Placement of the buckets in the ground can be done individually as you prepare them. I recommend sealing the lid with duct tape and placing the bucket into black garbage bags before putting into the ground. Use the heavy duty contractor’s grade garbage bags; they cost a little more but are super heavy duty and will take 30+ years to decompose in the soil. Place your bucket into one bag and then inside a second bag for double layer protection. I prefer a long trench for my cache to make recovery as simple as possible. Once I find the first bucket I know where exactly the others are in a linear formation. You can save time and energy later by lining the trench and back-filling around the buckets with pea gravel up to 3 inches over the top. The last 12 inches should be normal top-soil or fill. There are several reasons to use pea gravel. First, it allows better water drainage over time so there is little chance of moisture compromising your cache. Second, rocks can be pushed into and break open the plastic containers that’s why irrigation, telecom and other utility pipe is installed with sand first and then backfilled with dirt. Third, pea gravel helps recovery of cache if done when conditions aren’t ideal. If you have to recover in the dark the pea gravel will contrast to top soil by sight and sound when digging. It also makes removal of buckets easier since they will just slide out and won’t have to be dug from compacted soil. It can also help if you have to dig with primitive tools or your hands.

Defense/Combat Training
I am a graduate of Front Sight Firearms Training School. I cannot stress enough the overall value of spending time at that facility. They took me from dangerous novice to Distinguished Graduate status in four days. I was ignorant of just how dangerous I was to myself and others. I had gone through a basic hunter’s Ed class at age 12. I have hunted many years in the woods of northeastern Washington chasing deer and in the blinds of the Pend Oreille River freezing my tail off for the occasional duck and goose. Being around guns all your life actually makes you complacent and more dangerous than a novice. Just because you’ve been around guns your whole life doesn’t mean you are safe. Once you have professional grade training you will be astonished at just how much you didn’t know. So before you go off and try to teach combat skills make sure you have time-tested education in this area. Even with my level of skill I am slowly introducing responsible gun handling to my kids. When we are out in the woods they can take toy guns or BB guns and they are to practice muzzle control. At home during dry practice we practice snapping in and breathing for sight/target control and trigger control. These elements come together when we take the Chipmunk .22 out to the range. The kids are already proficient with open sights at 25 yards.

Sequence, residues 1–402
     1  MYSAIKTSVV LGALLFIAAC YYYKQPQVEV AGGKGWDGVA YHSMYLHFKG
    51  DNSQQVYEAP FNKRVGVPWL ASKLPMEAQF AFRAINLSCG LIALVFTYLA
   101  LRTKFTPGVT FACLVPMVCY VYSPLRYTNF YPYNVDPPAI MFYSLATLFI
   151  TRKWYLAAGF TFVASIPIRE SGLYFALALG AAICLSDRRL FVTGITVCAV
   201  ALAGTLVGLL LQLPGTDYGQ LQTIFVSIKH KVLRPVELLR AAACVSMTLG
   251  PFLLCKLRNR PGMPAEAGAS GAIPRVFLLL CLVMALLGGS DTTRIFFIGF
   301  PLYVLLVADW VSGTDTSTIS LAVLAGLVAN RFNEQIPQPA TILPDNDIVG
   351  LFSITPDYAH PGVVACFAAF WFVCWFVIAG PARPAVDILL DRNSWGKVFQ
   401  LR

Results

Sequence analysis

Bottom line is you will always fall back to your highest level of training during a combat/life saving situation. If you can’t do the right thing without thinking about it you are likely a danger to yourself and others if the threat level goes black. Don’t wait to find out the hard way by causing injury or death negligently. Get the training-it’s worth it!

I hope I have provided some helpful hints and ideas. If you have a better thought or suggested improvement please share them in a follow up letter. I know I have come a long way but I am just getting started in this process of becoming prepared. It is comforting to know that God’s providence rules over all things. Preparedness must be in submission to His law or it is hoarding, which is sin. If you don’t know the difference go seek guidance from your pastor or church elder. There are blessings for those who keep His commandments and curses for those who don’t. We are not guaranteed an easy life or a life free from persecution or strife but His path will not lead you astray. God Bless and get started. – B.H. in Spokane